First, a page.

Professor Benjamin Villarreal
16 January 2014
The more TV you watch, the smarter you are.
Reading ,Watching TV Makes You Smarter by Steven Johnson was troubling at first. What really doesn’t help is the fact that I read the essay and analyzed it a couple of hours before midnight, staying up to at least four in the morning to finish it. As I flipped through the pages of Reading Pop Culture, trying to find the most interesting article, this essay seemed to catch my eye because it talked about something we all find interesting, entertainment, especially when it came to the fact that it talked about television in a positive way. While reading the essay, I sat on my bed, shutting off any electronics or forms of communications that would distract me. Especially my IPad , where before I started reading the article , I was watching all three seasons of Teen Wolf , which had led to me to start my essay later than I expected. While sitting on my bed and reading the first couple of paragraphs, I started underlining any key information, the many examples that were given by the author and any key points that the author concluded. Eventually I fell asleep reading, halfway through the article, waking up an hour later to read the rest of the text. I also knew that if I read the essay again for the second time that I would find things and see things that I didn’t see before.
In Watching TV Makes You Smarter, Steven Johnson argues against common opinions in regard to “dumbing down” this generation’s culture, specifically opinions about the entertainment industry (television). In this text Johnson develops a theory, which argues that the pop culture we soak in daily (TV shows), has been getting more sophisticated as the years go on, which makes it far from “dumbing down” today’s generation. Johnson specifies that television now is actually offering new cognitive challenges that are actually making our minds sharper.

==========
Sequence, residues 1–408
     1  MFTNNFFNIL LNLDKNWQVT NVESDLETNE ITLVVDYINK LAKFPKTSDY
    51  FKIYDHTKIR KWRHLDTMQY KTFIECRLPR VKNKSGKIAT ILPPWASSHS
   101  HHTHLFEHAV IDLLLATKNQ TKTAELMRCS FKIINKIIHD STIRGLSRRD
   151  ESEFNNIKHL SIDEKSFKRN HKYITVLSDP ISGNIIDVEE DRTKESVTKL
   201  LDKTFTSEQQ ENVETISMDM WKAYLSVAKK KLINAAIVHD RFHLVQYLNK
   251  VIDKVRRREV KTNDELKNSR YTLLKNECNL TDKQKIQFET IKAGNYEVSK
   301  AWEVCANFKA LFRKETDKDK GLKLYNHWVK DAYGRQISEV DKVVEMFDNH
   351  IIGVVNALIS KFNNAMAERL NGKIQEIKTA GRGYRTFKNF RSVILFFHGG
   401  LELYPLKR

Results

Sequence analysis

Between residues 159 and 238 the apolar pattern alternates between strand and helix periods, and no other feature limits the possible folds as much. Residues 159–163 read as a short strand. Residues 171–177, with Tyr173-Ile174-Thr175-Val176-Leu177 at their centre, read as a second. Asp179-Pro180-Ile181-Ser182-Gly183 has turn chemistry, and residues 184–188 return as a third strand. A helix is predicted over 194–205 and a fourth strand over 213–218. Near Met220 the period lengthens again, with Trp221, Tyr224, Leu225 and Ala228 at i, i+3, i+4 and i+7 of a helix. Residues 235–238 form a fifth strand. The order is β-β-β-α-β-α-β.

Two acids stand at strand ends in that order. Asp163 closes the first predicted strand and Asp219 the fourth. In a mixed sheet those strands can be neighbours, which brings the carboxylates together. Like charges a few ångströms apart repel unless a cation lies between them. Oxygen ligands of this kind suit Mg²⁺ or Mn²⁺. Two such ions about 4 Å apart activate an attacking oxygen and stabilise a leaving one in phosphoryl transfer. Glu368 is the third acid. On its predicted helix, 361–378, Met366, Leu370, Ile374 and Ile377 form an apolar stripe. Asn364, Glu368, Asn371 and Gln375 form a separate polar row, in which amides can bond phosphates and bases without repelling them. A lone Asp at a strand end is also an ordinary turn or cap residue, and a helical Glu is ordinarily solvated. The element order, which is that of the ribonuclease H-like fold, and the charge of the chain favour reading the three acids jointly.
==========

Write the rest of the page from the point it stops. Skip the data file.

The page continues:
Johnson constantly refers to and compares certain shows on television throughout the text. One main example includes the show 24. 24 is a thriller (show) known for its gruesome violence and cliffhangers, where the events of the story are influenced by recent occurrences (etc. post 9/11). The show however is different from any other show, it somehow connects the lives of various characters and different threads that are going on. Johnson states ,“For decades we’ve worked under the assumption that mass culture follows a path of declining steadily toward lowest common denominator standards, presumably because the masses want dumb, simple pleasures and big media companies try to give the masses what they want”( 276), meaning that we always determined that the vast majority of society wanted shows that were simple, not complex. In reality, society is getting “cognitively demanding” and wants more shows that are complex because it appeals to them. People like 24 because the action and detail capture the eye of the viewer , but with watching the show you also have to pay attention ,make inferences and keep track of every characters relationship in order to understand what’s going on . This is where Johnson comes up with the term “Sleeper Curve”, which is where the things that seem most corrupted forms of mass diversion, turn out to be beneficial, because it’s mentally alters the development of the brain and it forces good.
Johnson constantly challenges the “idea” that pop culture has deteriorated. The term Sleeper Curve is from the Woody Allen film Sleeper, where the scientists in the movie are astonished that society failed to grasp the nutritional worth of cream pies and hot fudge ( themes are connected). He uses this term to argue against the opinions that promote the deteriorating standards of pop culture. However, Johnson is quick to say that the Sleeper Curve doesn’t imply that popular culture has become superior to traditional culture.
Johnson defends the values of modern pop culture; he argues that television is a "brilliant medium" for telling how skilled people are at understanding social connections. According to Johnson earlier television simplified narratives, while todays trends/shows consist of "multiple threading”. An example of this kind of show would be The Sopranos. Shows like this help improve the audience's cognitive skills by challenging them with so many details .Johnson says that modern television have decreased the number of "flashing arrows", and require their audiences to do more work(cognitive) like paying attention to background detail and information.
Johnson, Steven.Watching TV Makes You Smarter.Boston:Bedford/St.Martin, 2013.Print.